Adam Gettis was drafted by Redskins with pick 141 in round 5 in the 2012 NFL Draft out of Iowa.

He recorded a Relative Athletic Score of 7.56, out of a possible 10.0. RAS is a composite metric on a 0 to 10 scale based on the average of all of the percentile for each of the metrics the player completed either at the Combine or pro day.

He had a recorded height of 6023 that season, recorded as XYYZ where X is feet, YY is inches, and Z is eighths of an inch. That correlates to 6 feet, 2 and 3/8 of an inch or 74.375 inches, or 188.9125 centimeters. This correlates to a 1.37 score out of 10.0.

He recorded a weight of 293 in pounds, which is approximately 133 kilograms. This correlates to a 2.23 score out of 10.0.

Based on his weight, he has a projected 40 yard dash time of 5.06. This is calculated by taking 0.00554 multiplied by his weight and then adding 3.433.
At the Combine, he recorded a 40 yard dash of 5.0 seconds. This was a difference of -0.06 seconds from his projected time. This forty time correlates to a 9.72 score out of 10.0.

Using Bill Barnwell’s calculation, this Combine 40 time gave him a Speed Score of 93.76.

The time traveled between the 20 and 40 yard lines is known as the Flying Twenty. As the distance is also known, we can calculate the player’s speed over that distance. The time he traveled the last twenty yards at the Combine was 2.1 seconds. Over 20 yards, we can calculate his speed in yards per second to 9.52. Taking into account the distance in feet (60 feet), we can calculate his speed in feet per second to 28.57. Breaking it down further, we can calculate his speed in inches per second to 342.86. Knowing the feet per second of 28.57, we can calculate the approximate miles per hour by multiplying that value by 0.681818 to give us a calculated MPH of 19.5 in the last 20 yards of his run.

At the Combine, he recorded a 20 yard split of 2.9 seconds. This correlates to a 9.68 score out of 10.0.

We can calculate the speed traveled over the second ten yards of the 40 yard dash easily, as the distance and time are both known. The time he traveled the second ten yards at the Combine was 1.15 seconds. Over 10 yards, we can calculate his speed in yards per second to 8.7. Taking into account the distance in feet (30 feet), we can calculate his speed in feet per second to 26.09. Breaking it down further, we can calculate his speed in inches per second to 313.04. Knowing the feet per second of 26.09, we can calculate the approximate miles per hour by multiplying that value by 0.681818 to give us a calculated MPH of 17.8 in the second ten yards of his run.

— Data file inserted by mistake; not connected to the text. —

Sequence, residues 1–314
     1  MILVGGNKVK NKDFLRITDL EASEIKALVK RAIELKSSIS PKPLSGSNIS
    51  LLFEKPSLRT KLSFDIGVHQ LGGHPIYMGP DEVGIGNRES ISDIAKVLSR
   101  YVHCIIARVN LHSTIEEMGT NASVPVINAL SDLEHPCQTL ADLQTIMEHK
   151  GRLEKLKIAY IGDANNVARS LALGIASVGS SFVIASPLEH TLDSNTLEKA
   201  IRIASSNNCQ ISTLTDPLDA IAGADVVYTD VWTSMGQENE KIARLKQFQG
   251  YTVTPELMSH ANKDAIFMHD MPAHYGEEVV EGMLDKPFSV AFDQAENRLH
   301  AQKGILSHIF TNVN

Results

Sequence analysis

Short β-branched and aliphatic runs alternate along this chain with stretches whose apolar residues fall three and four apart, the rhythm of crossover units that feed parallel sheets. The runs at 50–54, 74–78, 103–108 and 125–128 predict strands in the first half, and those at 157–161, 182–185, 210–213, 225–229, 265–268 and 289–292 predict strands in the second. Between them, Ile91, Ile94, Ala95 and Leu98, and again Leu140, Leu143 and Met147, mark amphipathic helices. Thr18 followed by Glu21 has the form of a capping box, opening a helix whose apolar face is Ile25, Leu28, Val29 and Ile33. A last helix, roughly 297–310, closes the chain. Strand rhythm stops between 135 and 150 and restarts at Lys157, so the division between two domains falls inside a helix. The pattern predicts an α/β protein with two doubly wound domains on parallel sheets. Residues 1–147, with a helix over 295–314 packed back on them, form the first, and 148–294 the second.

At the Combine, he recorded a 10 yard split of 1.75 seconds. This correlates to a 9.19 score out of 10.0 that when multiplied by ten roughly corresponds to percentile.

The time he traveled the first ten yards at the Combine was 1.75 seconds. Over 10 yards, we can calculate his speed in yards per second to 6.0. Taking into account the distance in feet (30 feet), we can calculate his speed in feet per second to 17.0. Breaking it down further, we can calculate his speed in inches per second to 206.0. Knowing the feet per second of 17.0, we can calculate the approximate miles per hour by multiplying that value by 0.681818 to give us a calculated MPH of 11.6 in the first ten yards of his run.

This player did not have a recorded bench press for the Combine in the RAS database.

At his pro day, he recorded a bench press of 20 repetitions of 225 pounds. This correlates to a 2.05 score out of 10.0.

At the Combine, he recorded a vertical jump of 31.5 inches. This correlates to a 9.25 score out of 10.0.

At the Combine, he recorded a broad jump of 904, which is recorded as FII or FFII . where F is feet and I is inches. This correlates to a 9.72 score out of 10.0 that when multiplied by ten roughly corresponds to percentile.

At the Combine, he recorded a 5-10-5 or 20 yard short shuttle of 4.65 seconds. This correlates to a 7.04 score out of 10.0.

At the Combine, he recorded a 3 cone L drill of 7.99 seconds. This correlates to a 4.26 score out of 10.0 that when multiplied by ten roughly corresponds to percentile.

This site uses Akismet to reduce spam. Learn how your comment data is processed.